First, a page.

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Markus Fischer




Location: Germany
Joined: 14 May 2020
Likes: 1 page

Posts: 81

PostPosted: Fri 04 Jun, 2021 2:53 pm    Post subject: Thickness of Helmets         Reply with quote

I recently watched the YouTube video from Tods Workshop, in which he shot historically accurate longbow arrows from his "lockdown-longbow" which shoots these arrows at the same speed as a british 160lbs yew longbow.

https://youtu.be/hc6dhMV_L54

In this specific video he shot the arrows at his Go-Pro protection device, which is a cheap/medium grade reenactment helmet with a polycarbonate visor.
One of the arrows passed cleanly through the front of the helmet and still had enough energie left to bounce of a steel tube on the helmets inside, as well as almost piercing a hole into the helmets backside.

At first Tod didnt comment much on this, because he thought the reason for that must be the rubbishy quality of the helmet.
But then he decided to measure the thickness at the spot in which the arrow penetrated, and it actually turned out to be 1,8mm thick.

https://youtu.be/v3QqdEX_ka8

And there comes my question:

How thick was the average medival european helmet?

There sure has been some enormous variation, so lets narrow our question down to a late 15th century sallet (i guess thats about what Tod shoots at in the video).

Probably there has also been some big variation within sallets, but if some people who are knowledgeable on this topic where to give some examples, we could come up with an approximation of the avarage sallet-thickness, in order to say how close this unintentional experiment would be.

I for myself dont know a whole lot about helmets, but I recently saw a reproduction of a sallet by Arma Bohemia at the price of 400 or 490USD (I would consider this mid-range for a helmet) with the thickness being 1,5mm, so even less than the helmet in the video.

Of course one must also consider that Tods measuring device might be off a fair bit.

What do you think about this?
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Edward Lee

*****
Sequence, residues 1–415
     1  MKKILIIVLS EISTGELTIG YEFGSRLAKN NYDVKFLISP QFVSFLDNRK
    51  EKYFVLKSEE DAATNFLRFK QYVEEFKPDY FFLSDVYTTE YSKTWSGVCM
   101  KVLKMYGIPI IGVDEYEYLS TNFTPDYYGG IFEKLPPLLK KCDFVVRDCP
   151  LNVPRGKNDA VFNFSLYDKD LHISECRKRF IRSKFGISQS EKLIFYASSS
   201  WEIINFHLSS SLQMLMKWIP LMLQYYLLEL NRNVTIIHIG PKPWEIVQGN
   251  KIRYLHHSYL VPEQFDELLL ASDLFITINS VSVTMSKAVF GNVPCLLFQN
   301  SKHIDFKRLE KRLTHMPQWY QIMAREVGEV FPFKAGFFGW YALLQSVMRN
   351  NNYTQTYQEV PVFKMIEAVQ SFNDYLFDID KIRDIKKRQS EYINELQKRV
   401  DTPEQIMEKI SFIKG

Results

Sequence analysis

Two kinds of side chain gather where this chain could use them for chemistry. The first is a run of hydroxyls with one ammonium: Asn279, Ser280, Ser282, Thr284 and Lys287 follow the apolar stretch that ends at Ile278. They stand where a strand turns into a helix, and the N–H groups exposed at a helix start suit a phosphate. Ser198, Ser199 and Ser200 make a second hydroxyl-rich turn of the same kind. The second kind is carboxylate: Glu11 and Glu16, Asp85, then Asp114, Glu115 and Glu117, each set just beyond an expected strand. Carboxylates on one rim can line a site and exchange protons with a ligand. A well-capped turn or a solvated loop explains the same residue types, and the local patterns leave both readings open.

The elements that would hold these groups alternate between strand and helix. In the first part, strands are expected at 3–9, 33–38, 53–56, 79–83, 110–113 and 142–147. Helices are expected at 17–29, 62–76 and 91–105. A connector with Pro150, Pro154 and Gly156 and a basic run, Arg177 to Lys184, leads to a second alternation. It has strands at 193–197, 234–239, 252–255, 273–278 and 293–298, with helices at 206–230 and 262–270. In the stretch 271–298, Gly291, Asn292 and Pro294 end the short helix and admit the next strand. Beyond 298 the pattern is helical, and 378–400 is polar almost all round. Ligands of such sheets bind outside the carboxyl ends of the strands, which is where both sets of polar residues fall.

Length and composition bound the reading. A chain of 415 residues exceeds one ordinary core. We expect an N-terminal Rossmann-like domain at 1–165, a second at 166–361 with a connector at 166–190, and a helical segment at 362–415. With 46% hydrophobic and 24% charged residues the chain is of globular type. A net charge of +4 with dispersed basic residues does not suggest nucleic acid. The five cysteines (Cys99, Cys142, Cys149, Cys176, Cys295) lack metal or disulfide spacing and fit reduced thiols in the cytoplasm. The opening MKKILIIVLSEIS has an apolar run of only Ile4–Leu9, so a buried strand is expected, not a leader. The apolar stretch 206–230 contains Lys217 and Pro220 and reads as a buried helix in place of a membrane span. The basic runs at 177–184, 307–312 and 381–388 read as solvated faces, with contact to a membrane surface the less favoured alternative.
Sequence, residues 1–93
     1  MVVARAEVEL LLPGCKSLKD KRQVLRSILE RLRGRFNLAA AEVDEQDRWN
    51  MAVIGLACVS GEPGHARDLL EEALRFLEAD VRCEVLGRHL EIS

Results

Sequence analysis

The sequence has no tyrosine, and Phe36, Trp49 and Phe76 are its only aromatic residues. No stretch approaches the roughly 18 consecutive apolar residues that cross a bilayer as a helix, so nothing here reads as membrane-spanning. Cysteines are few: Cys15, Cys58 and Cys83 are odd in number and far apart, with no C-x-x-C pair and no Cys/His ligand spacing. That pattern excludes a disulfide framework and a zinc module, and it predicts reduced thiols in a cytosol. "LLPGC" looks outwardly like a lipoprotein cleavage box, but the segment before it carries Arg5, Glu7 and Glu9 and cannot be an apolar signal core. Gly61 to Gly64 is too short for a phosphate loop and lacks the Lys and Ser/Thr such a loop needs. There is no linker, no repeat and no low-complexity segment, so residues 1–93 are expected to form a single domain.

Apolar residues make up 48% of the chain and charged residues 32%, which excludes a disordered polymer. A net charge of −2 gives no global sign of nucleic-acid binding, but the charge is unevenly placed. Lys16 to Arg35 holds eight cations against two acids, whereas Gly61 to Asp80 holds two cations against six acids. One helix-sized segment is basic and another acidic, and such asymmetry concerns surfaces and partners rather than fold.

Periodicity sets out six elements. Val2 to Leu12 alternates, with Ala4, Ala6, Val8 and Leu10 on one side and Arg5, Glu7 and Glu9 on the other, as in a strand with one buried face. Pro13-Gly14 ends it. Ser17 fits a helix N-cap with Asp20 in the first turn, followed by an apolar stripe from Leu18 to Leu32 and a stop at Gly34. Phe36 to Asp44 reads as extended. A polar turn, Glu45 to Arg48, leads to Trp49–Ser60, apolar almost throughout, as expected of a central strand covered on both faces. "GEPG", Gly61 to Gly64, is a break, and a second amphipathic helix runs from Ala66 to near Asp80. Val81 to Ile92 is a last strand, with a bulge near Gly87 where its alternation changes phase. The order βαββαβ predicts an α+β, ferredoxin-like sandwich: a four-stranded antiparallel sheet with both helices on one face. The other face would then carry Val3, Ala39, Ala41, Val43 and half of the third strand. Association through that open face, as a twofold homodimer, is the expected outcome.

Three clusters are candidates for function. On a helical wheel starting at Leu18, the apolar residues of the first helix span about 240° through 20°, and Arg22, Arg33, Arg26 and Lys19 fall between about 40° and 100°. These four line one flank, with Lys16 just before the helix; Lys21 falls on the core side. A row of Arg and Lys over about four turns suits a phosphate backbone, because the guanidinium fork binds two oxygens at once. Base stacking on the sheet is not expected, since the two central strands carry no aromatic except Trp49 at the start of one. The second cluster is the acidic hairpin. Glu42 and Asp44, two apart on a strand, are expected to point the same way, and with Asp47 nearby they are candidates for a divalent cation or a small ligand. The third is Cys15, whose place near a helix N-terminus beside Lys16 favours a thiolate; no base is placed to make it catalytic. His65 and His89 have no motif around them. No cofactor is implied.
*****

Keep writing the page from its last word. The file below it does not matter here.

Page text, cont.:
Location: New York
Joined: 05 Jul 2013

Posts: 386

PostPosted: Fri 04 Jun, 2021 4:13 pm    Post subject:         Reply with quote

Suppousedly helmets thickness are like breastplates, thick on the top/center and it thins out to the sides. For example if the top helmet is 3mm thick and the side might thins out to around 1mm more or less, as it applies to breastplates.

http://myArmoury.com/talk/viewtopic.php?t=947...p;start=20

http://myArmoury.com/talk/viewtopic.31601.html

Regarding the 400 euro helmet, it's probably not heat treated. Regarding armor strength there is a big difference between heat treated armor and armor that are not. It is so in modern terms and I would think it applies to the past as well.
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Sean Manning




Location: Austria
Joined: 23 Mar 2008

Posts: 646

PostPosted: Sat 05 Jun, 2021 8:39 am    Post subject: Re: Thickness of Helmets         Reply with quote

Markus Fischer wrote:
How thick was the average medival european helmet?

There sure has been some enormous variation, so lets narrow our question down to a late 15th century sallet (i guess thats about what Tod shoots at in the video).

People who were serious about armour in 14th-17th century Europe seem to have thought about three grades meant to defeat different threats. There was the basic kind which would usually stop a sword, there was the intermediate kind which would stop weaker missile weapons like longbows or pistols, and there was the strongest and heaviest kind which would stop the strongest one-man weapon of the day such as windlass crossbows or arquebuses. Combining all three grades of salet into one average would not be very helpful.

www.bookandsword.com
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Mike Ruhala




Location: Stuart, Florida
Joined: 24 Jul 2011

Posts: 333

PostPosted: Tue 08 Jun, 2021 7:21 pm    Post subject:         Reply with quote

A historical sallet could be several times thicker in that area than the one Todd shot and he shot it with the equivalent of a 160lbs bow which is pretty darn powerful. A faster impact on a smaller surface area(such as the arrow) also has better puncturing characteristics than a slower impact over a wider area(such as a sword strike.) A lot of historical armor doesn't appear to have been made from thin sheet metal of uniform thickness like we use now, it looks like they were starting with thicker plates and drawing them out to get thick center sections that taper towards the edges. The thicker sections tend to be on the front and/or tops of helmets and some were massively thick in these areas, like a quarter inch! Eek!
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